From AltoonaMirror.com, June 17, 2007:
Area colleges, universities build retirement communities
near campuses to benefit students and seniors
By Rebecca Berdar, email@example.com
The Village at Penn State retirement community
opened in 2003 near the University Park Campus
in State College.
(Mirror photo by Gary M. Baranec)
STATE COLLEGE — Burned out on the Sunshine State after more than a decade of retirement, Bob and Ruth Ellis were ready for a change of scenery when they learned Penn State University was developing a community for retirees.
In 2003, the Philadelphia natives and die-hard Nittany Lion fans retired to The Village at Penn State after starting their retirement in 1988 in Florida.
Four years later, they average about 10 educational field trips per month with fellow Village residents. They attend sporting and cultural events on campus and mingle with Penn State students.
‘‘There’s a lot going on, and we’re doing much more now than we were during our last few years in Florida,” said Ruth, 78.
The Ellises, who were among the first to move in, now have about 250 neighbors.
Colleges and universities across the country are taking notice that retirement isn’t limited to the rocking chair on the front porch.
They’ve realized that there are many people who would rather approach retirement as a learning experience, complete with home football games and class assignments.
Penn State is the first in the area to establish a retirement community and bless it with a collegiate advantage, and at least two other central Pennsylvania institutions are in the planning stages to do the same.
Juniata College in Huntingdon and St. Francis University in Loretto are teaming with Massachusetts firm Campus Continuum LLC to create retirement communities that have direct tie-ins to campus resources.
Juniata’s board of trustees decided last month to move its project forward based on the results of a market demand survey.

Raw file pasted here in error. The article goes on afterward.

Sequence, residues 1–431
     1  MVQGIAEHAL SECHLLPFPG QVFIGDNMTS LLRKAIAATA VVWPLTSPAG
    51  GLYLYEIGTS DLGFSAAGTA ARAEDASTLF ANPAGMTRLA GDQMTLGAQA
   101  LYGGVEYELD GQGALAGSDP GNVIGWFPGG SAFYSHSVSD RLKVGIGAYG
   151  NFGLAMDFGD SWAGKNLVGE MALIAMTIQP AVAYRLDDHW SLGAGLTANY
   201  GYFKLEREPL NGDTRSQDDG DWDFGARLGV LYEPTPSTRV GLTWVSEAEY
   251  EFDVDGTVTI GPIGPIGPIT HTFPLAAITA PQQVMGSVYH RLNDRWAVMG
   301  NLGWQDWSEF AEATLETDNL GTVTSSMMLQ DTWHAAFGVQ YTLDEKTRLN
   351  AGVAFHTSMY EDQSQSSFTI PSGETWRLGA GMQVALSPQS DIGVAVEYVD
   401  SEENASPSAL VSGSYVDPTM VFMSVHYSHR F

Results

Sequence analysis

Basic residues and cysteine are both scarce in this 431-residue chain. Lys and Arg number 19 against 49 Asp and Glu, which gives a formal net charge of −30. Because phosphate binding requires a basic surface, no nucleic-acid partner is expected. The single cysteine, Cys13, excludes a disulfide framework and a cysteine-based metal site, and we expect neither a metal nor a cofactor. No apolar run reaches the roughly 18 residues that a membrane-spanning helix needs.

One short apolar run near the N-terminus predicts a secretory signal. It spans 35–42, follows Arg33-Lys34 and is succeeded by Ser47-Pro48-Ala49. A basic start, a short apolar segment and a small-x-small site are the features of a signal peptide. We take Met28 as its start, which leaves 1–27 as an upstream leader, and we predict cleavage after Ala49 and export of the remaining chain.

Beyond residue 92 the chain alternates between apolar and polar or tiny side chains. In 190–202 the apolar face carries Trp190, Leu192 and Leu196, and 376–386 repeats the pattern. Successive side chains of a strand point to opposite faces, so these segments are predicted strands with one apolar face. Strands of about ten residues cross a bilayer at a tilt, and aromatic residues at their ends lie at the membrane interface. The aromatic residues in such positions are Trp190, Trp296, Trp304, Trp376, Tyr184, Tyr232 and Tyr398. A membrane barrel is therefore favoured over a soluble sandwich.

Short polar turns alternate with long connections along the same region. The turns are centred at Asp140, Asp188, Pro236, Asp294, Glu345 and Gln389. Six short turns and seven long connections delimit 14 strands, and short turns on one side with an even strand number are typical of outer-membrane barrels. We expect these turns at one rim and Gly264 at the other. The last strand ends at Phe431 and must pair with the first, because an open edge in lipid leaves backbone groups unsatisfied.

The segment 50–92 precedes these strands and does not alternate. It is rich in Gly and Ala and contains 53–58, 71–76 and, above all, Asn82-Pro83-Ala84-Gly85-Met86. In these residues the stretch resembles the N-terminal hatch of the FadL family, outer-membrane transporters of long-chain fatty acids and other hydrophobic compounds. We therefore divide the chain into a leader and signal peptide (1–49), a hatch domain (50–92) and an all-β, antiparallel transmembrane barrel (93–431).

Incorporating green technology and linking directly to campus by walking and bike trails, plans for the community include construction of about 120 units for about 200 residents on 30 acres in Oneida Township adjacent to Huntingdon Borough.
‘‘There are great opportunities and a need for tutors, mentors and career advisers,’’ Juniata President Tom Kepple said. ‘‘In addition to encouraging intergenerational interaction, we hope that many among the community of lifelong learners will socialize with our faculty and staff.”
Similar to Penn State’s community, which offers residents a choice between five apartment floor plans and two cottage floor plans, Juniata’s will offer residents the option of condominium-type housing or single-family homes.
Unlike the Penn State development, which offers a continuum of care — independent living, assisted living and a skilled nursing facility — Juniata’s community is planned as a new lifestyle option for healthy, active, independent adults.
Alan Smith, executive director of the Huntingdon-Bedford-Fulton Area Agency on Aging, said it comes as no surprise to him that colleges and universities are taking interest in their students’ parents and grandparents.
‘‘There is considerable difference that begins with lifestyle in comparison to what we refer to as that past generation of older persons,’’ Smith said, adding that he remembers his grandparents were content to enjoy their garden after retirement.
He said baby boomers have seen the world in ways their parents didn’t, and just because they are ready to retire doesn’t mean they aren’t ready to take it easy.
‘‘The older generation ... retired from work. Now people are retiring to do other things, like volunteering, being physically active, reading books they’ve never read before and traveling to places they’ve never been,’’ Smith said.
Academic institutions such as Penn State and Juniata hope these folks retire to campus.
‘‘There is the energy that a campus and college students bring to a retirement community,’’ Village executive director Marianne Hogg said.
One resident still teaches at the university and brings in her acting students to perform. The College of Music also conducts regular programs.
‘‘It’s academic, but it’s not all academic. It’s a very rich atmosphere and balanced between wellness and fitness and the intellectual,” Hogg said.
That’s what attracted the Ellises, who were looking for a campus connection.
‘‘It just made a nice package for us. You have the interaction of two generations with at least one in between — that’s what I’ve found walking around campus and going to class,’’ Bob Ellis said.
Mirror Staff Writer Rebecca Berdar is at 946-7458.